SPAIN/PORTUGAL BORDER—A metal bridge above the Minho River in the Galician region separates the countries of Spain and Portugal.

And going to Portugal from Spain and vice versa entails just a stroll. From Spain, you will reach Portugal via Tui, a tiny town that boasts of a magnificent cathedral stretching back to the 12th century.

This was the route that me and my family took after we boarded a city bus from Vigo for the approximately one-hour ride.

But before proceeding to the border, we had to pay homage to the Romanesque-Gothic church in Tui.

And after sampling the local cuisine and downing a couple of bottles of the local brew Estrella Galicia, it was time to walk towards Portugal.

The bridge soared above the river and had fantastic views of the two countries.

But what made the trek extra-special was crossing the border.

There were no sentries and you could freely hop into another country with ease in just a split-second.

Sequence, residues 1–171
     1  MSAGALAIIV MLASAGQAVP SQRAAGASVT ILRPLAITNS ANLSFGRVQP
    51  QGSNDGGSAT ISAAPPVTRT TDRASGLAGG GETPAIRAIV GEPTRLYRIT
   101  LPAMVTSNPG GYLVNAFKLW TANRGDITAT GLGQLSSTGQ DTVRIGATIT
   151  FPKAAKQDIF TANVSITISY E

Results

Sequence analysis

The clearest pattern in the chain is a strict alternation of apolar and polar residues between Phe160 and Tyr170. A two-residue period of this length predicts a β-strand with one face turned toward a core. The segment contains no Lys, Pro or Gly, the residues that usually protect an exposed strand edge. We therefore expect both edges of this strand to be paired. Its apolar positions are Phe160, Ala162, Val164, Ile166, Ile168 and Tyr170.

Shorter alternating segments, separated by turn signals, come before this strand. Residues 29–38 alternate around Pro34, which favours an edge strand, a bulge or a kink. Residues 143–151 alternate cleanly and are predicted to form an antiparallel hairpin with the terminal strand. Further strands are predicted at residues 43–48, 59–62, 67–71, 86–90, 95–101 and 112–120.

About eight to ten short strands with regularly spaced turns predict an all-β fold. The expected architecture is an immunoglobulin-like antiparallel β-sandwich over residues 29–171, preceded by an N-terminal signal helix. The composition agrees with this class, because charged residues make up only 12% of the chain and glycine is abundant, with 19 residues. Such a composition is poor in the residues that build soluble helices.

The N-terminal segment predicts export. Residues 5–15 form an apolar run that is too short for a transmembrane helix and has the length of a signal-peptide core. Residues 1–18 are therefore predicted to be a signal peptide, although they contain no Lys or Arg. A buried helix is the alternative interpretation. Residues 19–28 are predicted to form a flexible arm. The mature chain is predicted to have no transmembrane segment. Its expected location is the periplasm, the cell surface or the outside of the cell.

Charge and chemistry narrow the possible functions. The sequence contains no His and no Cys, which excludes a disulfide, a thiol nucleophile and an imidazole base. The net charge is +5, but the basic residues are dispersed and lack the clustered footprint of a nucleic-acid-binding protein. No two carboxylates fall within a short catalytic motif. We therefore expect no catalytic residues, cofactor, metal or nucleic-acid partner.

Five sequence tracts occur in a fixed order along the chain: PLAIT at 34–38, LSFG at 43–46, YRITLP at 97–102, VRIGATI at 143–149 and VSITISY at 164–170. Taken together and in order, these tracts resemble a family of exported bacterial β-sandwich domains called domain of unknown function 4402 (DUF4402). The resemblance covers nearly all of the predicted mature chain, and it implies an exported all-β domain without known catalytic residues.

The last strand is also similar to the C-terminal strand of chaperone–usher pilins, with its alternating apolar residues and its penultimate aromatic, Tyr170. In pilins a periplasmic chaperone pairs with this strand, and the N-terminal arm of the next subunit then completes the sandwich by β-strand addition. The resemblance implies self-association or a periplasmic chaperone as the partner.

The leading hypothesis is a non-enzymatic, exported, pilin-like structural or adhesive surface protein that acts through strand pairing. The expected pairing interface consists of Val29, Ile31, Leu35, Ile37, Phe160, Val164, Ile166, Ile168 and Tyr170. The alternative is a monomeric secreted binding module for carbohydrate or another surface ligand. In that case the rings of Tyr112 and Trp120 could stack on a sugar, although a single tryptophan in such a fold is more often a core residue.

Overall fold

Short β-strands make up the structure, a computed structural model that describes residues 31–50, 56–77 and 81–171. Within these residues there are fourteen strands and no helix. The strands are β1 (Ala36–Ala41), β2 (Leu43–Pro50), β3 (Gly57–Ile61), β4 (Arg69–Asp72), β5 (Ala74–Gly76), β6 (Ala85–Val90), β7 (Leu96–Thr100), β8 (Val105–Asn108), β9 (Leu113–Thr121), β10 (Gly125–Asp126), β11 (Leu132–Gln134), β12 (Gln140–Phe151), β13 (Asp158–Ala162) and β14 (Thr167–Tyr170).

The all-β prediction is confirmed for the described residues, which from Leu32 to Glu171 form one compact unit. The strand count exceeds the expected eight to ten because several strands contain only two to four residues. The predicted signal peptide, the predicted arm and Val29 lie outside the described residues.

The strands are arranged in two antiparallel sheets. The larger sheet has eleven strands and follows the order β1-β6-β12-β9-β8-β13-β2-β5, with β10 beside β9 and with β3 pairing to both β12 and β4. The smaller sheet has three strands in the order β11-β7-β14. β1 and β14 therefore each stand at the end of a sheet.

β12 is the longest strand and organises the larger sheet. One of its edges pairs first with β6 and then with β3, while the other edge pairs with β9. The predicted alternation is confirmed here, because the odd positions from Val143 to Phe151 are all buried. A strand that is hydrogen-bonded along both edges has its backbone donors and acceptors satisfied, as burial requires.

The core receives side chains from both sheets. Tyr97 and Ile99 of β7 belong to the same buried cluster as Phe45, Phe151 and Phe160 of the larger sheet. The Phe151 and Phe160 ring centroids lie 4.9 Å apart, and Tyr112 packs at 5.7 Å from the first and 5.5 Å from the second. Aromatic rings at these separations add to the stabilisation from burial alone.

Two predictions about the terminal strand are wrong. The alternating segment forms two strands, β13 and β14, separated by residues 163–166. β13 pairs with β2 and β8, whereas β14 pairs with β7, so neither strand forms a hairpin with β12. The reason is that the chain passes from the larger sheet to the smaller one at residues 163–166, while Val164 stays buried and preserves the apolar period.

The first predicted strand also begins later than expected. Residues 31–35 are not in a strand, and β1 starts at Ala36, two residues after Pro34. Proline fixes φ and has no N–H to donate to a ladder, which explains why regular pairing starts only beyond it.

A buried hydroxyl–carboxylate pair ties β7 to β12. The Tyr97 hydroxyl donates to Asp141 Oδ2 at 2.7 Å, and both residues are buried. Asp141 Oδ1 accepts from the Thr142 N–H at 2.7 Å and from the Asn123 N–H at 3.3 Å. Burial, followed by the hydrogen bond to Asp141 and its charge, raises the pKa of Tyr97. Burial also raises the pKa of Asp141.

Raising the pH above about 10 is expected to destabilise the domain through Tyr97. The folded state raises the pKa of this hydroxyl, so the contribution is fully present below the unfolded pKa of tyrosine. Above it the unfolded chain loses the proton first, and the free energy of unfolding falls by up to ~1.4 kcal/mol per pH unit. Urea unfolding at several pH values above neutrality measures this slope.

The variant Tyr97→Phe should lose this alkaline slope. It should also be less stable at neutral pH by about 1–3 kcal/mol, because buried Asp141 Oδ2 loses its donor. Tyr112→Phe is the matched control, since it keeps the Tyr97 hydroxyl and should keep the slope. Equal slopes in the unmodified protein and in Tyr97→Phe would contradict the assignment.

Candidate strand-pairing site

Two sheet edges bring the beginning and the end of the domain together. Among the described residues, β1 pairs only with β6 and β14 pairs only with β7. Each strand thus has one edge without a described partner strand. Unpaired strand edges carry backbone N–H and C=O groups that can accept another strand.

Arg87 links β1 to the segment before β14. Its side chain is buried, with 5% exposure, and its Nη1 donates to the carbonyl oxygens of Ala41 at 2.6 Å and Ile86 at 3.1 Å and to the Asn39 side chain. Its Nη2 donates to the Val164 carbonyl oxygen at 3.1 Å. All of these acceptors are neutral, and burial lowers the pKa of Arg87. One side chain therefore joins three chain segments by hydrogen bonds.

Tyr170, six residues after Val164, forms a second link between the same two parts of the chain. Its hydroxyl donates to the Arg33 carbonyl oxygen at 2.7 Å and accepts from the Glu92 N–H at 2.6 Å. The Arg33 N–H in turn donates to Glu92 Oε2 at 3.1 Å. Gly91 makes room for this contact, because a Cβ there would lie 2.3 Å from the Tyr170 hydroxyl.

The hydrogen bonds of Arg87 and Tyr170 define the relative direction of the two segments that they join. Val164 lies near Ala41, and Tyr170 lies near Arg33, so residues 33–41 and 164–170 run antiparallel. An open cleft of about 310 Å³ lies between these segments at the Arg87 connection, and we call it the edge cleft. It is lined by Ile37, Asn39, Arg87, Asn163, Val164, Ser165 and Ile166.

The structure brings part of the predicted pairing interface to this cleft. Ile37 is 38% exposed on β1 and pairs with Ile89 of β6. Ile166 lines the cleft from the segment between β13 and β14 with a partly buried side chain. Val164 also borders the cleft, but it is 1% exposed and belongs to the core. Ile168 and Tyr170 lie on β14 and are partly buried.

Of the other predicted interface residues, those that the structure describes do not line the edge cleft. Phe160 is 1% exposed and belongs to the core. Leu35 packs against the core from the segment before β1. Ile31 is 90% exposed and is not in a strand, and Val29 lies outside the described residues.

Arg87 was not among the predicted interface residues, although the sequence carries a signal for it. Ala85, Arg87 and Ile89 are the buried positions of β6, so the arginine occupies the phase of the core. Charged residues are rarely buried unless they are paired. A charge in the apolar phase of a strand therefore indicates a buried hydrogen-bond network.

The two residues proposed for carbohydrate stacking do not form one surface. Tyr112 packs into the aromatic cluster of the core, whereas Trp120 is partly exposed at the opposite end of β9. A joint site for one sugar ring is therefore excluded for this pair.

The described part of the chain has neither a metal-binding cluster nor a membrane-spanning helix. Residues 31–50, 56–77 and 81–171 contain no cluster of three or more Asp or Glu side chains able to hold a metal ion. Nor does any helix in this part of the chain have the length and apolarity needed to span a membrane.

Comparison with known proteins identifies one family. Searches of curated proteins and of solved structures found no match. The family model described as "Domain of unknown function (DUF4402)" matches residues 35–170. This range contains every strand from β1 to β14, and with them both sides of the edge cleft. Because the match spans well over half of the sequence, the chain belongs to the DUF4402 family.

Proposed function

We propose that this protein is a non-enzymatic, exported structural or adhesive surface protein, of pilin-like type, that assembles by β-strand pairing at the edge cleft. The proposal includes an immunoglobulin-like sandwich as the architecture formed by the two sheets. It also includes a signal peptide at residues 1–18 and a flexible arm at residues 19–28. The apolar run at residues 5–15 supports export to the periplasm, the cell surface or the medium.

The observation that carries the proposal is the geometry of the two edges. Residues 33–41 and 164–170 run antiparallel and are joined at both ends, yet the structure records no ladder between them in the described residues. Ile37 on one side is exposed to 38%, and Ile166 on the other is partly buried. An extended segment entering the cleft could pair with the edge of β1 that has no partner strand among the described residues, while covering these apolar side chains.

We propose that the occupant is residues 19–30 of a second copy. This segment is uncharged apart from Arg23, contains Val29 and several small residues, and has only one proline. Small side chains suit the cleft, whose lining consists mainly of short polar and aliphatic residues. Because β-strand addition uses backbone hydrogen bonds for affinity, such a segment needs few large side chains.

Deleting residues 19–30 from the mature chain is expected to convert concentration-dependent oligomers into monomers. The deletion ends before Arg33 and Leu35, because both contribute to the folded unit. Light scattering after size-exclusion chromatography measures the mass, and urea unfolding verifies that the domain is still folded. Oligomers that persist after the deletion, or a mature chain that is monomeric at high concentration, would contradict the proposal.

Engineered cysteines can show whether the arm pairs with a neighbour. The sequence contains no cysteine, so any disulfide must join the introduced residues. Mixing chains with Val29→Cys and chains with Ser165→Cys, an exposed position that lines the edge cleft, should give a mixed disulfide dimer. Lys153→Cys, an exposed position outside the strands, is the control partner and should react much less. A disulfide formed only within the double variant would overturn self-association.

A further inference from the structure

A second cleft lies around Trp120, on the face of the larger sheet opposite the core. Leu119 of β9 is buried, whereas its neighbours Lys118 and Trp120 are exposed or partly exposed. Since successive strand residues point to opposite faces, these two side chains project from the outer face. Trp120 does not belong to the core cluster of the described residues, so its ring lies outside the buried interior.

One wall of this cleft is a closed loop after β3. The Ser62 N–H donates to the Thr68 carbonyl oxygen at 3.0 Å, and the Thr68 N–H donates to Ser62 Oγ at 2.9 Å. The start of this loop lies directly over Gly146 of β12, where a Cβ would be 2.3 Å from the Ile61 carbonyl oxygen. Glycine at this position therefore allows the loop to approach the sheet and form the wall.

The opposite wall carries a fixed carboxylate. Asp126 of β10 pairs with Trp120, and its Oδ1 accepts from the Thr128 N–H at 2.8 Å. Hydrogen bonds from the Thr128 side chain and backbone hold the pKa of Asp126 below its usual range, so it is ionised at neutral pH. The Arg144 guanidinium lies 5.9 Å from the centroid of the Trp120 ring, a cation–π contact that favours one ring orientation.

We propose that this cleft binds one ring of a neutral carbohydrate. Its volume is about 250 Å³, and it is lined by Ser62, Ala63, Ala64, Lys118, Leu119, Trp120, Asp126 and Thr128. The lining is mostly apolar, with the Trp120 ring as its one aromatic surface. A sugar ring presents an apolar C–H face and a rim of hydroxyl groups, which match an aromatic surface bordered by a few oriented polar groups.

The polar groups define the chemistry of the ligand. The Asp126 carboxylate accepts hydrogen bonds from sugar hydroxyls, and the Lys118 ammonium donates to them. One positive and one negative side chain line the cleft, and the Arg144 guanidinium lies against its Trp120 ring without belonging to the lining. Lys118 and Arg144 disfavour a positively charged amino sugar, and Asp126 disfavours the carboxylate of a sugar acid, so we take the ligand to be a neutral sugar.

Right in the middle of the bridge was a sign that officially marks the separation of Spain and Portugal.

If you happen to take this same path, it is mandatory to take photos of the sign and likewise do a selfie as well with the waters of the Minho and the hills of Tui serving as backdrop.

As soon as you enter Portugal, the best option is to explore the town of Valença, which can easily accessed on foot.

Like its neighbor across the river, Valença is also home to an old church called Igreja de Santa Maria dos Anjos (Church of Saint Mary and the Angels), whose location is within the walled fortress that once repulsed invaders from Spain and France.

Nowadays, Valença, gets its regular invaders from Galicia and the rest of Spain armed with euros and other currencies and not with swords and spears.

Valença is an ideal jumpoff point for the rest of Portugal and is a mere 80-minute trip to the country’s second city of Porto and a five-hour journey to the capital of Lisbon, 425 kilometers to the south.

But that’s another story. If you don’t have the time to go down further, Valença is good enough to give a curious traveler a taste of Portuguese life and culture.

And if you’re a shopaholic, there are independent stores along the cobbled streets selling unique items as well as mainstream gift ideas.

A day should be enough to explore the area, allowing you to head back to Tui for another round of Spain’s exemplary cerveza. Salud!